Russia's energy giant Rosneft said Sept. 29 it will cooperate with ExxonMobil and Norway's state-controlled Equinor on the development of lower-carbon solutions in joint projects, as well as potential use of alternative energy sources in new ones.
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The agreement signed Sept. 28 will see Rosneft and Equinor assess their joint projects for the reduction of greenhouse gas emissions and aim to achieve zero routine flaring of associated petroleum gas by 2030, the Russian company said.
"Aiming to support the goals of the Paris Agreement, Equinor and Rosneft will join forces to develop low carbon solutions and reduce the carbon footprint from joint projects," Eqinor said in a release.
In addition, the two companies will consider implementing new low-carbon projects using wind energy, application of CO2 capture and storage technologies, and production of blue and green hydrogen.
Rosneft and Equinor both aim to achieve net carbon neutrality by 2050.
Equinor has been active in the Russian market for over 30 years, with current equity production at 23,000 b/d of oil equivalent.
Its joint projects with Rosneft include the North Komsomolskoye oil and gas condensate field in West Siberia and North Danilovsky in East Siberia, the Kharyaga oil field, as well as a pilot project for development at the Domanik formation.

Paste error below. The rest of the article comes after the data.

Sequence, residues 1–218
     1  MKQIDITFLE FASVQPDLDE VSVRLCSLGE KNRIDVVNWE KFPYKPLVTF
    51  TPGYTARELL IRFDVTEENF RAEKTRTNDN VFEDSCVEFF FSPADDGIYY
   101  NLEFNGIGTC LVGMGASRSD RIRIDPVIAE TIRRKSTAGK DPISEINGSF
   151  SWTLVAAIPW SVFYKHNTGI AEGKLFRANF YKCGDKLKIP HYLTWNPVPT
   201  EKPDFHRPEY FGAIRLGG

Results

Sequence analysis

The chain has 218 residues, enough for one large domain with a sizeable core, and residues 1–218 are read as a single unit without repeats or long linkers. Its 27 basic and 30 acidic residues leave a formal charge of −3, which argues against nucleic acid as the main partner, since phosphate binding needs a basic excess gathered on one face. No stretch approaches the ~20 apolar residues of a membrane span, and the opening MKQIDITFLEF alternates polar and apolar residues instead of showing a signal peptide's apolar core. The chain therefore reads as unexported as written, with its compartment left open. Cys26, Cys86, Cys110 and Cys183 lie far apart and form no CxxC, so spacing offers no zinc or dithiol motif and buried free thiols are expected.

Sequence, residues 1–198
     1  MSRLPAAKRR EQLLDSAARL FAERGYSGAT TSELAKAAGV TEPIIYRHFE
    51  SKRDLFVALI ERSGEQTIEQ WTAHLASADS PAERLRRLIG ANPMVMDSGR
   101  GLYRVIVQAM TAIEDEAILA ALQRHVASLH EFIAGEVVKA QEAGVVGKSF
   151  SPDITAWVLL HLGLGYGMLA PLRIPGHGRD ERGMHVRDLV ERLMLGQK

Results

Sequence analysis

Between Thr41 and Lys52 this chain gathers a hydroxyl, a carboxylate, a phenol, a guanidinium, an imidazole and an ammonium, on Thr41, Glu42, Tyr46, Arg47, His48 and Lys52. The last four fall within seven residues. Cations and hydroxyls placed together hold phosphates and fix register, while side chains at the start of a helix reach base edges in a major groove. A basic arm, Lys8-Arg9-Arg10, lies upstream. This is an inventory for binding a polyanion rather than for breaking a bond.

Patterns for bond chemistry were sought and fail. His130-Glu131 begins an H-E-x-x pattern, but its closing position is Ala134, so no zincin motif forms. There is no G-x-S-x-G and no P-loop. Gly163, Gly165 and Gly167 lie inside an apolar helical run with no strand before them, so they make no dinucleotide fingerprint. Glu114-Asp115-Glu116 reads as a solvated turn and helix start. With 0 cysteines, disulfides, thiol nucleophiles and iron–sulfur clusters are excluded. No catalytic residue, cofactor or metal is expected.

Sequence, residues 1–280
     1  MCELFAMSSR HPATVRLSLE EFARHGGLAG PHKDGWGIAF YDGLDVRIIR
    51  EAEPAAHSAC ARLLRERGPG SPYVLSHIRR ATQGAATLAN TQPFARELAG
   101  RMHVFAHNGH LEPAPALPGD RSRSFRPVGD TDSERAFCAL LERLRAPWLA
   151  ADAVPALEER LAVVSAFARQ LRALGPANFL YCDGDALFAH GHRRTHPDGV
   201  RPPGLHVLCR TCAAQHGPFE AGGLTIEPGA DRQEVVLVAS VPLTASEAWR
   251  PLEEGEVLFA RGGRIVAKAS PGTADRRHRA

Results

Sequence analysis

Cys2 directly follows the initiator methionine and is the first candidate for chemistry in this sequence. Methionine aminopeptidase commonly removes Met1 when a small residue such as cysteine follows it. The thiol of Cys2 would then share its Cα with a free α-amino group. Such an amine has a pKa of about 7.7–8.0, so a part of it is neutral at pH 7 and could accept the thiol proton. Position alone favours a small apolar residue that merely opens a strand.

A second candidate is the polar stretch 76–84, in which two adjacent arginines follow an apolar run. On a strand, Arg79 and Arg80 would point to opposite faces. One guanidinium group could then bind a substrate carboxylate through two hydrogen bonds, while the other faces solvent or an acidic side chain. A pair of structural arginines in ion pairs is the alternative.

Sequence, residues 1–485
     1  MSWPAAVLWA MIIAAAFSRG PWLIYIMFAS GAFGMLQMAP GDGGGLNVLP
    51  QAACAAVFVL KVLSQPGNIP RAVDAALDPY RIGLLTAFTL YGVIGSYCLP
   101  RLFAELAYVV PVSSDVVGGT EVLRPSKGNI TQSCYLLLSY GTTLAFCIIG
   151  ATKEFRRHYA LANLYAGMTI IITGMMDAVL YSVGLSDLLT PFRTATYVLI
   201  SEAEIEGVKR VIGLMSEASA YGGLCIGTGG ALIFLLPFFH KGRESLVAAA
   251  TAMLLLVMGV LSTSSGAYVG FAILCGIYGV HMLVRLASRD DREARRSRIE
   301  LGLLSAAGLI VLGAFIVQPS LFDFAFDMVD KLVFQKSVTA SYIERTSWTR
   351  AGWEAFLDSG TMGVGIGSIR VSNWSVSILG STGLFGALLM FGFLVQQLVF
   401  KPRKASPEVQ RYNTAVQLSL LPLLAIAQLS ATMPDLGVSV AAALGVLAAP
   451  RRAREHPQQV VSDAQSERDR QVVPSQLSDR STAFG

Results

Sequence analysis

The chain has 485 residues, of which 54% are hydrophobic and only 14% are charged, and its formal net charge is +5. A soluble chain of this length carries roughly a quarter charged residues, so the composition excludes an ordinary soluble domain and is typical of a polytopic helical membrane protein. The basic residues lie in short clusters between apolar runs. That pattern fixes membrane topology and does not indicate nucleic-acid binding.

On Sep. 29, Rosneft has also signed a separate memorandum of understanding with ExxonMobil to work on lower-carbon technologies in order to reduce greenhouse gas emissions.
The two companies will first focus on new CCUS projects, as well as the production of hydrogen and ammonia.
ExxonMobil holds a 30% stake in Sakhalin 1 via Exxon Neftegaz. Despite Western sanctions causing the company to curtail some of its other operations in Russia, Sakhalin 1 has not been affected by the restrictions.
Since the beginning of the year, Rosneft has signed deals on carbon management with several other partners, including BP, Baker Hughes and Japan, as it continues to work on its 2035 climate targets.
The company's low-carbon agenda includes prevention of greenhouse gas emissions of 20 million mt in CO2 equivalent, reduction of upstream emissions intensity by 30% compared to 2019 levels, a methane emission rate below 0.25% and zero routine flaring of associated gas.